AzuraBot is an plugin-based Open Source chatbot framework, written in
Python using the
asyncio package. It can be used in two different ways:
- As a backend and middleware
- As a backend only
AzuraBot has only been tested on Linux. It requires Python 3.7 or
newer, and uses
BotyMcBotface for its IRC
interface. Install it with
pip (I recommend using a virtual
$ pip install BotyMcBotface
Then, you need to register its IRC nickname (read: your bot's IRC username). I recommend using the Freenode IRC network, and there's a guide on how to register a nickname on Freenode here. It doesn't matter what nickname you decide to use, but remember that it is this name that your instance of AzuraBot will have on IRC.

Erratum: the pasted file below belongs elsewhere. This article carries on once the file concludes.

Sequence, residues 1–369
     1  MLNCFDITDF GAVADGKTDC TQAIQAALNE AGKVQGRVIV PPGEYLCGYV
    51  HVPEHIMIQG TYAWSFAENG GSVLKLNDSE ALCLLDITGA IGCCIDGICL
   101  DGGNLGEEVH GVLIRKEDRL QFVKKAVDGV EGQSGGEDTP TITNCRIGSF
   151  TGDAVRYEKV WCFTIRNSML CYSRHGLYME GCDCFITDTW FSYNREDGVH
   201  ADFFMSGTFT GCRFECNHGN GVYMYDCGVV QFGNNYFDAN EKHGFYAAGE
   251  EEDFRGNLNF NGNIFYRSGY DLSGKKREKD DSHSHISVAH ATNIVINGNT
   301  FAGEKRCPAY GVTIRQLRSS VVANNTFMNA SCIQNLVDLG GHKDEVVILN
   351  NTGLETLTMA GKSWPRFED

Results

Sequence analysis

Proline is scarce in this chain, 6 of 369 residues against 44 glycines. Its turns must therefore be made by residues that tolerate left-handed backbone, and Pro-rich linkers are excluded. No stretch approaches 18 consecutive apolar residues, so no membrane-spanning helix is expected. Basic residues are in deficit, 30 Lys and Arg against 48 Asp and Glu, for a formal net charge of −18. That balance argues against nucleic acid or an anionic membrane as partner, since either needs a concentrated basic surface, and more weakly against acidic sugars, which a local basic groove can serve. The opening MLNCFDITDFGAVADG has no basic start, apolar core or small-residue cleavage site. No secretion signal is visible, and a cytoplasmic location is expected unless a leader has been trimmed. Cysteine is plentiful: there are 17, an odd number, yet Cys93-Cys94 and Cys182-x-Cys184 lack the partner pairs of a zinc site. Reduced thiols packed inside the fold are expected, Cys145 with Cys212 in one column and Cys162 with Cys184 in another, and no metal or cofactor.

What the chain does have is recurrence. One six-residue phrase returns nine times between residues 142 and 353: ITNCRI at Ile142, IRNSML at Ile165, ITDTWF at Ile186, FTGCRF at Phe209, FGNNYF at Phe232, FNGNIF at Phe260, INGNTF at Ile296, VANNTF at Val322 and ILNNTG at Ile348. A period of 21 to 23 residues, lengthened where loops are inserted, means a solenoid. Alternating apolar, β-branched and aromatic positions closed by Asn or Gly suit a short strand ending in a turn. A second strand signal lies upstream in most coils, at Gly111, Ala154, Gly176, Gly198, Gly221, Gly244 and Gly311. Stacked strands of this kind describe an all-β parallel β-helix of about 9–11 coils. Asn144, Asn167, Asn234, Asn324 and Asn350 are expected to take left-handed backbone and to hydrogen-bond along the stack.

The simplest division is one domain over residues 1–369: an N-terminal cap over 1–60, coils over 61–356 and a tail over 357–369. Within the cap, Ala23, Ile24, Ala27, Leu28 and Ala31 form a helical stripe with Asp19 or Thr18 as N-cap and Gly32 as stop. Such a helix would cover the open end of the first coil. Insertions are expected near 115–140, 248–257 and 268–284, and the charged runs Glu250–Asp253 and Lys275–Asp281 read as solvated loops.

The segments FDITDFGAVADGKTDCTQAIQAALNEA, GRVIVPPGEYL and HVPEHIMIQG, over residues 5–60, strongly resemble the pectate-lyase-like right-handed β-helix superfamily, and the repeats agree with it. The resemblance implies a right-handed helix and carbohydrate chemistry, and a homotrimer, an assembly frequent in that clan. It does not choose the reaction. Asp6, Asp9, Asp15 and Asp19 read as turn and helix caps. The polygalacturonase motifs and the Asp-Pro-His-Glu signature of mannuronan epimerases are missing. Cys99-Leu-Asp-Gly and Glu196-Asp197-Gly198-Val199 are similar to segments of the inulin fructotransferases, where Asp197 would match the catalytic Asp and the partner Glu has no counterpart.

etc directory, there's an example configuration file
example-azurabot.conf. Copy it to
$ cd etc $ cp example-azurabot.conf azurabot.conf
Then, you have to edit
azurabot.conf and insert your bot's nickname
and password, which you presumably registered using the guide above,
Starting the bot
Then, you should be able to start it with the start script:
$ cd .. $ ./start.sh
Ctrl-c to stop it.
To test if it works, fire up your favorite IRC client and send a message to the bot:
/msg (Your bot's nickname here) Status
AzuraBot supports different types of plugins, which must also be written in Python.
Interface plugins are what gives AzuraBot the ability to communicate with user. Each such plugin makes it possible for users to communicate with AzuraBot using a specific protocol or service, for example IRC, Slack, or Twitter.
Intent selector plugins
Intent selector plugins have the role of selecting an intent for input sent to AzuraBot by a user. That is, what is the "intent" of the user - what do they want? Is their intent to get a weather report, or to create a reminder?
Intent plugins provide the intents, or actions if you will, that the user can request to have performed.